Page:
Kill Bill


Bad art is depressing. So is good art. The art that counts is the one that triggers a response.


Q & U look the same. Side-eyed, tall, and a tiny little mouth, they make “The Bride.” They could also be twins. Kill Bill is The Wedding Album by John & Yoko, another pair of twins: east meets west in a string of bodies and mad sonata singing. Death is white. Death is beautifully white.


“I’m secretly retarded. I like movies. I like movies, therefore I am. Which means I’m dumb, but smart for saying it. So Kill Bill is a movie. All of my films are, and each one is a total immersion that real life pricks. Kill Bill is a serial. (I should have released the chapters separately.) The trick is to know that a sliver is worse than a beheading. That way, it all goes back to instinct. I’m brilliant, but I’m just beginning to get smart.”


“Don’t forget that you rock. We’re in the movie. Kissing pillows, playing the drums with my teeth, doing the Cat Stevens: I was not the kid with A.D.D. I just wanted to make the last backyard movie. I came from a pile of dirt, some trees and a clothesline. That was my bionic studio. All you gotta do is ring a bell and step right up. If you’re smart enough to know your talent lies in the world around you, then something personal will come out of it. Something choice.”


“The one behind the screen is my mom.”


Both Kill Bill and House Of 1000 Corpses (dir. Rob Zombie) want to be bad, but absorption is not the gap. Rather, it is the way the drive is executed. House looks good, but the action is unimpacted – the ambition is stifling. Q.T., on the other hand, has a rhythm of light and shade that invokes the past in order to work it out through his chosen medium. Rob Zombie is gift-wrapping wallpaper.

“The gesture is not it. It’s not about hitting the Underwood with a black eye, or a flick of the derby; or the details, or the level of obscurity. It’s about soul. Soul is cool.”


In Q.T.’s head, everything springs from the music. Not only does it comment on the film, music is the battery. The scene is set, and the last conclusive flourish is voiced.

Like Stanley Kubrick, he makes full use of the cinema – not one element is poor. And like Elvis Presley, the black influence is real and legit. The boy has groove in the heart. Roots.

Somebody (it might have been Elvis Mitchell) said Q.T. is like a D.J. for the movies: he reconfigures the old media to show “our modern vacuity,” yet does it in such a playful way that he comes off as edgy and cool. Q.T.’s films are much too personal to satisfy that argument. He loves what he does, and the act of theft is smooth and vibrant.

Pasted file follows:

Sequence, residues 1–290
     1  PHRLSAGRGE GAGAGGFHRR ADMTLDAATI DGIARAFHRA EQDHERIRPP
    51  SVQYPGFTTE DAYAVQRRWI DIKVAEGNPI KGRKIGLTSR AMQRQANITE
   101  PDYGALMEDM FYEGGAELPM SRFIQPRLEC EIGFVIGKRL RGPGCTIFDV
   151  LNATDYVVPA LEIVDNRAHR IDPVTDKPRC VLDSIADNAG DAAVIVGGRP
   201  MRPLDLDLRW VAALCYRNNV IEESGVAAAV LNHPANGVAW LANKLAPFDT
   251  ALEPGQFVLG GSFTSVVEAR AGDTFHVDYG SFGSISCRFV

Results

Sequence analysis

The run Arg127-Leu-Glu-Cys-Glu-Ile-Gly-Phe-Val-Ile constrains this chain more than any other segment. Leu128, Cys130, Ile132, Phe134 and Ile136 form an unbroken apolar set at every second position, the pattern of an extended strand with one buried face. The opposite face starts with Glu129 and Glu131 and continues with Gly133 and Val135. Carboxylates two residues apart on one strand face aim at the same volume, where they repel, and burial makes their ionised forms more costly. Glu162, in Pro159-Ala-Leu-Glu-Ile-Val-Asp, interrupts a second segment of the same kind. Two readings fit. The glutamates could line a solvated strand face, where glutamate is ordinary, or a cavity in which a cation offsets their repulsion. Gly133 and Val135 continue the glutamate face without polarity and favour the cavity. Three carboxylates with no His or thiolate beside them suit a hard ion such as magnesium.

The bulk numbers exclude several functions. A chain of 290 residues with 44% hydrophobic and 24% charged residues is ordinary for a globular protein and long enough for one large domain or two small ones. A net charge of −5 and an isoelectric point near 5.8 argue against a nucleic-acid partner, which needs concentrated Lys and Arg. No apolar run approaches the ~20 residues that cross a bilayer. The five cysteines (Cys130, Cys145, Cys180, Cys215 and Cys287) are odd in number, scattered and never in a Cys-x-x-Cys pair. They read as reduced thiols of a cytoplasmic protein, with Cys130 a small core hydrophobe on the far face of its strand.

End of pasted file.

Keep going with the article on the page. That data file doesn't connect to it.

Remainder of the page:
He’s a romantic. Kill Bill gives back to cinema the symphonic movement of music, and by taking it up whole, Q.T. has made the verbal physical. It’s kind of operatic.

Because the silence is golden, the movie has some of the best acting in a long, long time. You can see a “Hum so.”


Reservoir Dogs is a play. The primeval stamp of Kill Bill turns the parley into action, and exposition is immediately clear. Q.T. has no room for subtext or the “deep meaning” (description is a waste, and time is relative), but each suite of the film has enough steam for nuance, and vice versa.

The film has been judged in terms of the way it sounds (mostly), but not the way it feels – as if technique, by itself, wards off any investment on the part of the viewer or the filmmaker. It’s not what you do, it’s how you do it. The long cool stride, shades, leather… The only thing that gives is knowing you’re a crazy little kid till the day you die. Q.T. knows it, and he lives it.


The Bride can body-roll.

The Bride makes a death list. Therefore, not only is she Charles Bronson, she is Santa Claus, for the death of her enemies is the greatest spite they can receive, and the best gift she can get.

The Bride is a wronged woman, and the movie is full of wronged women. Of course, it is more than a chick flick, but maybe that’s what it wants to be (and what saves it). Q.T. has respect for the characters (the writer’s first rule), and in remembrance Kill Bill is unexpectedly solemn. It builds a pattern of trauma and “destructive childhood legacies.” It is the most empathetic film he has made.


Q.T. has a gut wit. He refracts the movie past that strikes a mass nerve. But Kill Bill is more than a mash note. The Tarantino oeuvre is a fruited hibernation, a loving report on what the movies mean to him. (Also, Kill Bill is a DVD readymade: the chapters stand together or alone.) Like Heaven’s Gate, or Gangs Of New York, the film is about the Herculean effort behind its making. It has the gusto of a silly, naked ego.

By announcing that Kill Bill is “The 4th film by Quentin Tarantino,” Q.T. whips himself up with a wink. It might not be necessary, but it is fun.

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